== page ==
October 2, 1994
The Vietnam in Me
By TIM O'BRIEN
Z GATOR, VIETNAM, FEBRUARY 1994 -- I'm home, but the house is gone. Not a sandbag, not a nail or a scrap of wire.
On Gator, we used to say, the wind doesn't blow, it sucks. Maybe that's what happened -- the wind sucked it all away. My life, my virtue.
In February 1969, 25 years ago, I arrived as a young, terrified pfc. on this lonely little hill in Quang Ngai Province. Back then, the place seemed huge and imposing and permanent. A forward firebase for the Fifth Battalion of the 46th Infantry, 198th Infantry Brigade, LZ Gator was home to 700 or 800 American soldiers, mostly grunts. I remember a tar helipad, a mess hall, a medical station, mortar and artillery emplacements, two volleyball courts, numerous barracks and offices and supply depots and machine shops and entertainment clubs. Gator was our castle. Not safe, exactly, but far preferable to the bush. No land mines here. No paddies bubbling with machine-gun fire.
Maybe once a month, for three or four days at a time, Alpha Company would return to Gator for stand-down, where we took our comforts behind a perimeter of bunkers and concertina wire. There were hot showers and hot meals, ice chests packed with beer, glossy pinup girls, big, black Sony tape decks booming "We gotta get out of this place" at decibels for the deaf. Thirty or 40 acres of almost-America. With a little weed and a lot of beer, we would spend the days of stand-down in flat-out celebration, purely alive, taking pleasure in our own biology, kidneys and livers and lungs and legs, all in their proper alignments. We could breathe here. We could feel our fists uncurl, the pressures approaching normal. The real war, it seemed, was in another solar system. By day, we'd fill sandbags or pull bunker guard. In the evenings, there were outdoor movies and sometimes live floor shows -- pretty Korean girls breaking our hearts in their spangled miniskirts and high leather boots -- then afterward we'd troop back to the Alpha barracks for some letter writing or boozing or just a good night's sleep.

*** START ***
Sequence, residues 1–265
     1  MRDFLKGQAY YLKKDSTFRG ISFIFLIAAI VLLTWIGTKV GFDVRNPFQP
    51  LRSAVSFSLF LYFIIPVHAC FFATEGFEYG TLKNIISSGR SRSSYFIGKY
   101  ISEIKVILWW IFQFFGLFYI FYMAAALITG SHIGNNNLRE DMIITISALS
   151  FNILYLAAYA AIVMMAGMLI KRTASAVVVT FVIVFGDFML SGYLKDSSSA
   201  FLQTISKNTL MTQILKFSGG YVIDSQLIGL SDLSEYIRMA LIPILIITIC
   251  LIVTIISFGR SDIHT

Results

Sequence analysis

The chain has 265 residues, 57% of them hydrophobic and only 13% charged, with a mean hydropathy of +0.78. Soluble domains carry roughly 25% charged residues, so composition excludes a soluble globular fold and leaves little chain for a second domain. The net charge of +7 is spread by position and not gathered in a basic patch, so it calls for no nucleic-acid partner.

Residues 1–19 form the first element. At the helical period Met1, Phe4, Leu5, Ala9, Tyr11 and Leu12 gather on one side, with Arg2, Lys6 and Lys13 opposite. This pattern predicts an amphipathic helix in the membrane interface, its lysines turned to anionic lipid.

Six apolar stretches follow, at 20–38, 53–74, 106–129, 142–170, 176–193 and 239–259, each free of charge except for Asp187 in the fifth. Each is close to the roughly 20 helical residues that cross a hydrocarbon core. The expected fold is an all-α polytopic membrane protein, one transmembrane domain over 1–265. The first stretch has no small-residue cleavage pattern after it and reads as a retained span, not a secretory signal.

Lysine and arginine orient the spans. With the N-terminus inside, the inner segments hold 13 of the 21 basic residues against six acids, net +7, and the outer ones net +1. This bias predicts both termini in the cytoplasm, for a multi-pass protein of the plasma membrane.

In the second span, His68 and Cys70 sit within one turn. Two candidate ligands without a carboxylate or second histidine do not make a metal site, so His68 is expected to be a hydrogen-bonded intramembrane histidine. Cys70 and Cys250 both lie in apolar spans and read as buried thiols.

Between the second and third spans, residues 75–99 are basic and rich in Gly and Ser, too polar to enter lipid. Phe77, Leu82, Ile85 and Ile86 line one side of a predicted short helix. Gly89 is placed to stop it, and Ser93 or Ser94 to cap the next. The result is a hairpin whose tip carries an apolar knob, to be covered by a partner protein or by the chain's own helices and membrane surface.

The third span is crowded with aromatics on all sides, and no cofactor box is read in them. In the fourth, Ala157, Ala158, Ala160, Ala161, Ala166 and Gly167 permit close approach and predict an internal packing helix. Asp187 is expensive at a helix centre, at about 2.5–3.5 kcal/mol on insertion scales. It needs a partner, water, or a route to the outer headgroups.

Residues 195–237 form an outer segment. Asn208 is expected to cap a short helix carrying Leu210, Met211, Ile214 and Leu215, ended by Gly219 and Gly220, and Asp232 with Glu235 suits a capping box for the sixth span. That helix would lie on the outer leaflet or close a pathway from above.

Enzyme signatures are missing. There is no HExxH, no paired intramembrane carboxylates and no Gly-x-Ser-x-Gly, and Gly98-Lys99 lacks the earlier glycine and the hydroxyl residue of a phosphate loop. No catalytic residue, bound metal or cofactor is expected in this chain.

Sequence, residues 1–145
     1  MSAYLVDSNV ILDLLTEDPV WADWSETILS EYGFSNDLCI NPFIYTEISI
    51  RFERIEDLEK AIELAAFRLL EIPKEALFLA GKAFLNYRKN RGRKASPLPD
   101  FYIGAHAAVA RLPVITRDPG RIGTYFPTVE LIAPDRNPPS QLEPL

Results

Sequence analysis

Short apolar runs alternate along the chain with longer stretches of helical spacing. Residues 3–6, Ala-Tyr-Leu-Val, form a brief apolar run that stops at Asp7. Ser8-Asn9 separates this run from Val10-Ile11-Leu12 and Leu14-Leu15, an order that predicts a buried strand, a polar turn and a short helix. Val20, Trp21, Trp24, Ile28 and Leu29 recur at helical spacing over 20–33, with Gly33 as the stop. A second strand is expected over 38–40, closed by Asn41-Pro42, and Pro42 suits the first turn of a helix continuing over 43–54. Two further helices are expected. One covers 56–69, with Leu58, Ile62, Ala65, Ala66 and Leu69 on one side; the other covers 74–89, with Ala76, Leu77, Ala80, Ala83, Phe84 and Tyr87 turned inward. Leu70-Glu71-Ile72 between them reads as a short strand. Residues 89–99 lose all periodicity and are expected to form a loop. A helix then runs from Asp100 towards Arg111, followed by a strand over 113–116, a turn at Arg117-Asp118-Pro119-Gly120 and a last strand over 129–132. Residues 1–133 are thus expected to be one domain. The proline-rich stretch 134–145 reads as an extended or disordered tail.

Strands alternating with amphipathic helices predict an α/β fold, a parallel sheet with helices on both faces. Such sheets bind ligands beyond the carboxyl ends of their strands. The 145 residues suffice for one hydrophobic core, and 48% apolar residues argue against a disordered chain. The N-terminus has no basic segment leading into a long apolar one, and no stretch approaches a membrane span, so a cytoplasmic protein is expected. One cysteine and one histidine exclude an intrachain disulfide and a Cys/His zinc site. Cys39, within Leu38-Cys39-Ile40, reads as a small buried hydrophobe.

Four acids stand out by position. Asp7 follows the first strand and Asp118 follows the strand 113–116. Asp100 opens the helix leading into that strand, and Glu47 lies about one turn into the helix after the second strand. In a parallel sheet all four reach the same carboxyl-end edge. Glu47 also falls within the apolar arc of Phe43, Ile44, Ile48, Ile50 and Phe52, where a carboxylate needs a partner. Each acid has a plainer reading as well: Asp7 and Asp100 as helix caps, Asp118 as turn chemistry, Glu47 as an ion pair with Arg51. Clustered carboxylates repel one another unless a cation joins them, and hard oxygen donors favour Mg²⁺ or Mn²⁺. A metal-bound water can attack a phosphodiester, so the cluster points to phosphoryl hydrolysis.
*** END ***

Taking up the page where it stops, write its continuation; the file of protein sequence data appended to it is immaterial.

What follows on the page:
So much to remember. The time we filled a nasty lieutenant's canteen with mosquito repellent; the sounds of choppers and artillery fire; the slow dread that began building as word spread that in a day or two we'd be heading back to the bush. Pinkville, maybe. The Batangan Peninsula. Spooky, evil places where the land itself could kill you.
Now I stand in this patch of weeds, looking down on what used to be the old Alpha barracks. Amazing, really, what time can do. You'd think there would be something left, some faint imprint, but LZ (Landing Zone) Gator has been utterly and forever erased from the earth. Nothing here but ghosts and wind.
t the foot of Gator, along Highway 1, the little hamlet of Nuoc Man is going bonkers over our arrival here. As we turn and walk down the hill, maybe 200 people trail along, gawking and chattering, the children reaching out to touch our skin. Through our interpreter, Mrs. Le Hoai Phuong, I'm told that I am the first American soldier to return to this place in the 24 years since Gator was evacuated in 1970. In a strange way, the occasion has the feel of a reunion -- happy faces, much bowing. "Me Wendy," says a middle-aged woman. Another says, "Flower." Wendy and Flower: G.I. nicknames retrieved from a quarter-century ago.
An elderly woman, perhaps in her late 70's, tugs at my shirt and says, "My name Mama-san."
Dear God. We should've bombed these people with love.
AMBRIDGE, MASS., JUNE 1994 -- Last night suicide was on my mind. Not whether, but how. Tonight it will be on my mind again. Now it's 4 A.M., June the 5th. The sleeping pills have not worked. I sit in my underwear at this unblinking fool of a computer and try to wrap words around a few horrid truths.
I returned to Vietnam with a woman whose name is Kate, whom I adored and have since lost. She's with another man, seven blocks away. This I learned yesterday afternoon. My own fault, Kate would say, and she would be mostly right. Not entirely. In any case, these thoughts are probably too intimate, too awkward and embarrassing for public discussion. But who knows? Maybe a little blunt human truth will send you off to church, or to confession, or inside yourself.